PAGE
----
Rough Morning at Isla Graciosa


click to enlarge
Clouds off the Cliffs of Lanzarote. The cloud cover made it just a bit hard to spot Barbary
Falcons on the cliffs.
Click to enlarge. See the arrow at the left hand side? It's pointed at a sailboat.
September 19, 2008
I was up until midnight last night reading the chart guide and trying to figure out where we might go next. It was depressing reading as it seemed every page told me of the ‘will undoubtedly be full’ marinas, ‘secure in calm weather only’ anchorages and ‘yachts are not welcome’ commercial ports in the Canaries. I went to bed wondering where we’re supposed to hang out for the next three months. Hurricane Season won’t be over in the Caribbean until December, so we have to wait. I was too tired to let the worry keep me up, the day’s birding excursion had worn me out and I was asleep in no time. Unfortunately, my sleep didn’t last long. I think freshening wind woke me the first time. I got up, looked out the hatch, and saw that we were now facing southwest instead of northeast. The next time it was rain and bigger winds from the south and Gene was also up. The whole night was a cycle of dozing and waking caused by rain or violet winds attacking us from every direction. If the gusts of 30 and the pitch caused by them hadn’t wakened us, the sound of the anchor chain dragging across rocks surely would have.
The morning was fairly calm. We discussed our berthing/anchoring dilemma while we had our coffee. I felt like a zombie and was considering putting on the kettle for another pot of coffee when the 15 knots and sporadic rain we were getting began to freshen; and freshen. Then, in a beat of Aeolus’ fickle heart, we were dipping in fetch churned by 30 knots with occasional gusts of over 40. We looked out to see two of the boats in the anchorage dragging their anchors and they were moving quickly to the lava covered shoreline. Engines went on and windlasses brought in anchor chain. We couldn’t hear the sounds, but we could see what was happening. We really felt for the people scrambling to avoid disaster. ‘There but for the Grace of God’ thoughts ran through our minds as we watched and hoped we would stay hooked. Every boat in the anchorage had someone on deck keeping watch for an uprooting or a threat from an unsecured boat. Conditions stayed rough for several hours, but by noon things had become much less worrisome and we figured the worst was over. When the winds slackened the rain was allowed to fall straight down and the individual drops seemed huge. Was it my imagination, or do rain drops come in small, medium and large? Three or four boats pulled up anchor and went off, presumably to find a less exciting spot.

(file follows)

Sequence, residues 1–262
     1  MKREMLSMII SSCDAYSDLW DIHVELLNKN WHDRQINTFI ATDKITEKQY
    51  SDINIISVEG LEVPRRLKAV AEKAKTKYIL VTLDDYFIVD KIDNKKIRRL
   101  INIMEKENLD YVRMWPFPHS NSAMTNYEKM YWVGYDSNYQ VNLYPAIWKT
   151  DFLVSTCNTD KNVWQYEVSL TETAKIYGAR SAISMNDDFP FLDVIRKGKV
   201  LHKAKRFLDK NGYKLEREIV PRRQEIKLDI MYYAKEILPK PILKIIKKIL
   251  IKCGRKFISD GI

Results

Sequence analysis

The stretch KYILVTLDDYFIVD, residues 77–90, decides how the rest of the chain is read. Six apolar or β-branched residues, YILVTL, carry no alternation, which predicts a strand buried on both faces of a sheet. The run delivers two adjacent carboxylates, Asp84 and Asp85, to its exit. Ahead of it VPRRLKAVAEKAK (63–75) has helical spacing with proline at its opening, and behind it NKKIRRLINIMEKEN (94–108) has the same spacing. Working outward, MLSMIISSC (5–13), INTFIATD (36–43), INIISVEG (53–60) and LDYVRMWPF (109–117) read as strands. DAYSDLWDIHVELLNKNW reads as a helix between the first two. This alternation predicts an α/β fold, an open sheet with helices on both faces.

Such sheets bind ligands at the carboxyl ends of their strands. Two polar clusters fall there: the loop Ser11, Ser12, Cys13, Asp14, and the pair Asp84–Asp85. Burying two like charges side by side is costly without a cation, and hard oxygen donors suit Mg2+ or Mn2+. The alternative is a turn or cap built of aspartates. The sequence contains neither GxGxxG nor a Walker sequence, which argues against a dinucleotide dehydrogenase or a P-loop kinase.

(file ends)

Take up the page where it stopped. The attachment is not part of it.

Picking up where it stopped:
The farthest yacht dragged and had too much adventure for a morning. They successfully re-anchored.
Gene and I both think that the 2,000 foot high cliffs on Lanzarote that lie to the south of us accelerated the wind speed. Nothing like a little excitement to start the day.
Needless to say, Gene didn't row me ashore for birding.

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